Back to Brain Activity

Professor Susan Greenfield
Excerpts from "The Human Brain "

The eeg is important for studying not just normal brain activity but brain disorders as well, such as epilepsy.
In epilepsy there is a miniature brain storm of certain groups of brain cells that can lead to convulsions. This virtual explosion of electricity can be detected on an EEG used subsequently by neurologists to locate where damaged brain tissue lies.
Not only does the EEG show what brain waves look like but it shows how they vary.

Just imagine that a signal - an electrical impulse - travelling at some 220 miles per hour, arrives at the end of the axon, and hence at the synapse.

As soon as the action potential, the electrical signal, invades the end of the axon, it creates the right conditions by which acetylcholine is released into the synapse.

Once released acetylcholine diffuses easily through the watery salty liquid outside all neurons, (the extracellular fluid) crossing the synapse as readily as a boat might cross a river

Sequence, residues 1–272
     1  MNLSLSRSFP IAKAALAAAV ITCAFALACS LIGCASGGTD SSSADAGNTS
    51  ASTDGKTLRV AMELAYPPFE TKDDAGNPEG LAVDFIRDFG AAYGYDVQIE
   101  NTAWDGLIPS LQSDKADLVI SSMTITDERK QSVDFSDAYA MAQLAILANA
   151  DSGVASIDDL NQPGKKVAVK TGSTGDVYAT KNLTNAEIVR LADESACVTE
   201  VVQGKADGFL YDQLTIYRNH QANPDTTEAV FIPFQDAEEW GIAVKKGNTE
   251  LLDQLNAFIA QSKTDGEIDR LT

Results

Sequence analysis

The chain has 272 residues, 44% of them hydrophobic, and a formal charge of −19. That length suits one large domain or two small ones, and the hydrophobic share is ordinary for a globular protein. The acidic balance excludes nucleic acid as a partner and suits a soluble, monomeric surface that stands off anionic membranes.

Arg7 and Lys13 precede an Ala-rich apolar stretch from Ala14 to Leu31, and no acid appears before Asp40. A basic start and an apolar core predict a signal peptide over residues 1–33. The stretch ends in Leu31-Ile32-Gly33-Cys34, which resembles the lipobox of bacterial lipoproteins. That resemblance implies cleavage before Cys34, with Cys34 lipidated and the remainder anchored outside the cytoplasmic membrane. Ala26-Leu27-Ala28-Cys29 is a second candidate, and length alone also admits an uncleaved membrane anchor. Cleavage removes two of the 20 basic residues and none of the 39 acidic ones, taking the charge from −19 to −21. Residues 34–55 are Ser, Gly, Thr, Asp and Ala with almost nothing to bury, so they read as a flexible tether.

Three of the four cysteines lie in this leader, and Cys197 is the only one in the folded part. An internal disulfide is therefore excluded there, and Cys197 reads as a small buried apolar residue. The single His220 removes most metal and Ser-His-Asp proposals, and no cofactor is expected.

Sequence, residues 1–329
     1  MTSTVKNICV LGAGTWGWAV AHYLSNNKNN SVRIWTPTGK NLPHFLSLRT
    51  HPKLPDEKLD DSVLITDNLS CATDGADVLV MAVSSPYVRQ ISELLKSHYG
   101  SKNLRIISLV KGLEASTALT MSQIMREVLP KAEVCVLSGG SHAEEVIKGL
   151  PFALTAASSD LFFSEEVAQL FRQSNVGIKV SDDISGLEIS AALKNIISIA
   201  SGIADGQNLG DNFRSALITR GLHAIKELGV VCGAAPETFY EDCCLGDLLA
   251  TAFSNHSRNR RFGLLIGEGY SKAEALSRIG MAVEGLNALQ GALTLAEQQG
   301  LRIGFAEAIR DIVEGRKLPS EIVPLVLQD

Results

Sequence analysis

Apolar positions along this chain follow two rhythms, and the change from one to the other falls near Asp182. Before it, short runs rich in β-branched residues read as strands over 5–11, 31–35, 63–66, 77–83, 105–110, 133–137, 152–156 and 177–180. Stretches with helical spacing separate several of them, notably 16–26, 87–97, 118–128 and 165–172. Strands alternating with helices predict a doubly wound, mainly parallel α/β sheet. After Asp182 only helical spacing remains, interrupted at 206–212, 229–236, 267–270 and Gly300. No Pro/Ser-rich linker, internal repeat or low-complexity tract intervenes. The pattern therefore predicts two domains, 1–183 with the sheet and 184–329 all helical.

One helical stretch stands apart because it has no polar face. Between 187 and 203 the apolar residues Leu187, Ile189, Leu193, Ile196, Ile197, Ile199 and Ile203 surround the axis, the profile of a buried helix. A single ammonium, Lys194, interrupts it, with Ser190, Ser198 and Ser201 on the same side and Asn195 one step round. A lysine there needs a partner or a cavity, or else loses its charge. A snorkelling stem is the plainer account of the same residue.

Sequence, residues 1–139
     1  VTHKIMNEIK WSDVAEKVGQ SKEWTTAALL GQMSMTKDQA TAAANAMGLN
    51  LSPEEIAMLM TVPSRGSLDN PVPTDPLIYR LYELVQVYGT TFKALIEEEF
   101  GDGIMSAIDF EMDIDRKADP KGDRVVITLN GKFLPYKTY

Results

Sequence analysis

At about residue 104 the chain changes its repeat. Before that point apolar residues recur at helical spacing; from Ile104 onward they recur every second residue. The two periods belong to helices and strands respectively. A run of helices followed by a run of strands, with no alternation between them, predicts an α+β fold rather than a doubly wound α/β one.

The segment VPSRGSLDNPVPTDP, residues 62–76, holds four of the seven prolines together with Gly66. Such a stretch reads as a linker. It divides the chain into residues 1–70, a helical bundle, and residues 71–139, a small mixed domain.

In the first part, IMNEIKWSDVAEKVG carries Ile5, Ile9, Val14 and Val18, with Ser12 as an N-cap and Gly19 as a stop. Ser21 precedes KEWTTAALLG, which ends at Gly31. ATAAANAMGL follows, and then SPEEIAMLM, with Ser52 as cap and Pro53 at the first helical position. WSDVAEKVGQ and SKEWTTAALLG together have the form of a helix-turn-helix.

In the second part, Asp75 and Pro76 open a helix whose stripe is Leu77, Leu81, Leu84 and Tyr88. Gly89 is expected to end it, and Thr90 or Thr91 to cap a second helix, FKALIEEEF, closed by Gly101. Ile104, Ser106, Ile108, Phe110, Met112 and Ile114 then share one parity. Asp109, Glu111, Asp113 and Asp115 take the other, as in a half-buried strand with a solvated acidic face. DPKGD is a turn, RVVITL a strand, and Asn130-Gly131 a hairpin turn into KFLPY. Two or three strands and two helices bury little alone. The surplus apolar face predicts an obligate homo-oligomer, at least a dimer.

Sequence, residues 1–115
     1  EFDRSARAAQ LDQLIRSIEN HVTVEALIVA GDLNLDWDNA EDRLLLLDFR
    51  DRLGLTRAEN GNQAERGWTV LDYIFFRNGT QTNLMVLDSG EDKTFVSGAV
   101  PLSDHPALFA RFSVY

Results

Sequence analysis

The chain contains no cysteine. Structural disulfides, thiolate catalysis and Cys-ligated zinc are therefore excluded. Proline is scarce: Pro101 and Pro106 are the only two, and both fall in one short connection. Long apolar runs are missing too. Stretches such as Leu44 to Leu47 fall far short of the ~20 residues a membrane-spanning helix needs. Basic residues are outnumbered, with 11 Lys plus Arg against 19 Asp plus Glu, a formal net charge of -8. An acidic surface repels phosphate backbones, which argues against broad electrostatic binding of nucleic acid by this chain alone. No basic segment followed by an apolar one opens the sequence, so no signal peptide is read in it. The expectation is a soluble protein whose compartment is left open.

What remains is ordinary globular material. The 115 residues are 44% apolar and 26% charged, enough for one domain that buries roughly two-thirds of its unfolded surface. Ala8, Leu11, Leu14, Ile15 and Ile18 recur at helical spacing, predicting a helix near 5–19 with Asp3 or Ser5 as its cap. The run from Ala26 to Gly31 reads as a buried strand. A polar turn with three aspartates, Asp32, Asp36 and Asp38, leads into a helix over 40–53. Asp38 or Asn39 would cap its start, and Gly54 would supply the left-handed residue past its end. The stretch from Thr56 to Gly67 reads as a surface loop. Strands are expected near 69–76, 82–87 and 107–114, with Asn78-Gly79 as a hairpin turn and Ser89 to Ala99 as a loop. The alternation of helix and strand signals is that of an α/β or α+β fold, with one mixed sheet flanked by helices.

The original electrical signal, which was converted to a chemical one, now needs to be converted back to an electrical impulse.

Within our brains there are some hundred billion neurons. To get an idea of just how big a hundred billion is, the Amazon rain forest offers an appropriate analogy. The Amazon rain forest stretches for 2,700,000 square miles and it contains a hundred billion trees. There are about as many trees as neurons in the brain. But the metaphor need not stop there: if we now consider the huge number of connections between neurons, then we could say that there are about as many as leaves on the trees in the Amazon jungle.
It is virtually impossible to imagine on a global scale the fervour of chemical and electrical activity, even if only 10 per cent of our hundred billion neurons were signalling at any one moment.

The brain is built up from single neurons in increasingly complex circuits. Between ten thousand and one hundred thousand neurons make contact with any particular neuron. In turn any particular neuron will become one of many thousands of inputs for the next cell in the network. If we took a peice of brain the size of a match head alone there could be up to a billion connections on that surface.